Sheridan, CO (near Denver)
While in the Denver area we have taken the opportunity to do some sight-seeing. Twice we joined fellow RVers on visits to local attractions. Both couples (Sue and Dave, as well as, MonaLiza And Steve) are staying in a park in Golden and one day invited us to join them on a visit to the nearby Coors Brewery. Also joining the group was Dave and Sue’s son, Jesse, who lives in nearby Boulder and recently completed a graduate program at the University of Colorado.
The tour begins in a visitors parking area where you board a shuttle bus that takes you to the tour entrance. But first the bus takes you on a quick trip through downtown Golden, with the driver providing a brief history of the town.
The tour is self-guided and each visitor is given an individual auditory player. Each station along the tour is identified by a number. Press the corresponding number on your device and you hear information about that step in the process.
At the end of the tour each visitor of legal age is entitled to three glasses of the Coors of your choice. Three glasses seemed a bit much for the group (especially for those driving) so one was our limit.
Later in the week we were again invited to join the group for a visit to NCAR in Boulder (more on that later). On the way we stopped back at Red Rocks Park to check out the amphitheater.
The amphitheater at Red Rocks was built by the CCC and completed in 1941. With a seating capacity of 9,450 the open air venue has near perfect acoustics. A long list of famous musicians, including the Beatles in 1964, have performed here. The site is open to the public each morning and is utilized by a large number of people as an exercise facility. The group below was working its way up the seating area completing a variety of exercises along the way.
After our quick stop at Red Rocks Park we continued up the road to the city of Boulder where we met Sue, Dave, MonaLiza, and Steve in the parking lot of the Mesa Laboratory of the National Center for Atmospheric Research (NCAR). NCAR is a research center funded by the National Science Foundation. Studies include meteorology, climate science, atmospheric chemistry, solar-terrestrial interactions, environmental and societal impacts.
The Mesa Laboratory complex was designed by architect I. M. Pei in 1961 as his first project outside of city building design. It has been noted for its Anasazi-inspired architecture and use of bush-hammered concrete to blend into the surrounding area.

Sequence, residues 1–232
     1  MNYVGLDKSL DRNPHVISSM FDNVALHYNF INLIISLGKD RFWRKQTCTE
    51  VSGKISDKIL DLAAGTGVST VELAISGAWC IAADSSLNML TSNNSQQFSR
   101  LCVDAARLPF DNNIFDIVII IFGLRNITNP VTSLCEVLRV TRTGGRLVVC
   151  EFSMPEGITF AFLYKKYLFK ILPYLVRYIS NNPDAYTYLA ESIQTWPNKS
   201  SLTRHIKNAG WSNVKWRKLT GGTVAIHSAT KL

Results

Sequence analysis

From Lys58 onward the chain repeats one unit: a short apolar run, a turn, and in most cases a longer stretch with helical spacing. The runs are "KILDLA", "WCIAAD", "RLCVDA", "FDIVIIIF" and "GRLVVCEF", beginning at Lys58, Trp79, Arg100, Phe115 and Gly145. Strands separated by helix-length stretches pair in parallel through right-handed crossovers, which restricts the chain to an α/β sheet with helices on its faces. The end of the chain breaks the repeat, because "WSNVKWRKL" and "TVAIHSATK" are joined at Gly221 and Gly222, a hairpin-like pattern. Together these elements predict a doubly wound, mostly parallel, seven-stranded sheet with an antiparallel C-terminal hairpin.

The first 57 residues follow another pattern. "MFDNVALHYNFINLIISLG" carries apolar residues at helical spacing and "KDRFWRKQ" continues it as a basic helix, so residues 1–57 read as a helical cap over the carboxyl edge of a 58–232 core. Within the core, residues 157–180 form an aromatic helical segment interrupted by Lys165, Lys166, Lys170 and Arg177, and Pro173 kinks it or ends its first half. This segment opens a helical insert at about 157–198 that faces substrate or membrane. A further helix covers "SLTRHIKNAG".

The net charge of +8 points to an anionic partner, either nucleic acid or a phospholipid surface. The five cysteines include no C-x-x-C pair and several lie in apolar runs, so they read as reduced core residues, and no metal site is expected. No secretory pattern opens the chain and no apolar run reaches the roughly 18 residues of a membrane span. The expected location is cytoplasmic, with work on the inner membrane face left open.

The Visitors Center at the Mesa Laboratory is open to the public daily at no charge. There are many displays, some interactive, related to the various atmospheric studies of NCAR.
Each day at noon one of the staff leads a tour of the Visitors Center. We arrived just before the tour began and enjoyed an interesting and informative presentation.
One of the displays has a diorama of the facility and information on its designer, I.M. Pei. The display is in a room with a beautiful view of the mountains to the west.
Following our tour, the group adjourned for a late lunch in downtown Boulder. We arrived at The Bohemian Biergarten a half hour before they opened so we spent some time exploring the nearby shops. The wait was well worth it, as the food and drink were both excellent.
One of the nice things about the Denver area is that there are numerous bike paths throughout the city. One of the paths runs right by our RV park and connects with another trail leading to downtown Denver, about ten miles to the north. So one afternoon when it looked like the daily thunderstorms might hold off until late in the day we put some air in our tires and headed out. The trail runs right along the South Platte River as it heads north of the city.
Due to all the rain in the area the past month there are a number of spots where the trail literally runs through the river!
As we approached the center city the trail went right by Sports Authority Field, home of the Broncos.
Just north of the football stadium we crossed the Platte River and rode into the center of Denver for a visit to the 16th Street Mall. The 16th Street Mall is a pedestrian and transit mall that runs along 16th Street for 1.25 miles. It is home to over 300 locally owned/chain stores and over 50 restaurants.
One of 16th Street’s most distinctive buildings is the D&F Tower (Daniels & Fisher). When it was completed in 1910, this was the highest building west of the Mississippi River. It is modeled after The Campanile (St. Mark’s Bell Tower) at the Piazza San Marco in Venice and its four clocks (one for each side) are 16 feet high.
Another feature of the mall is the upright pianos located at various locations. The “Your Keys to the City” program places 10 pianos along the sidewalks of the mall for public use from May 1st until September 30th. Piano players, or anyone really, can use the pianos during the day between 8 a.m .and 10 p.m,, before they are covered. The pianos as are also covered during inclement weather. The pianos are painted with inspirations from artists such as Vincent Van Gogh and also with some local landmarks such as Coors Field and the Rocky Mountains.
As we re-crossed the South Platte River on the return ride, we made a stop at what may be our favorite store in the whole world.
Can’t read the name of the store in the photo above? Let’s zoom in a bit for a better look.
The arrow points to the name of the main business in this building, Recreational Equipment Inc., or REI. This is a great store for hiking and biking equipment and has locations all over the country. The Denver store is the largest one we have visited in our travel. Now, to make this building even more exciting, the oval is around the location of that little chain of coffee shops from Seattle. An REI and a Starbucks in the same building! Life doesn’t get any better!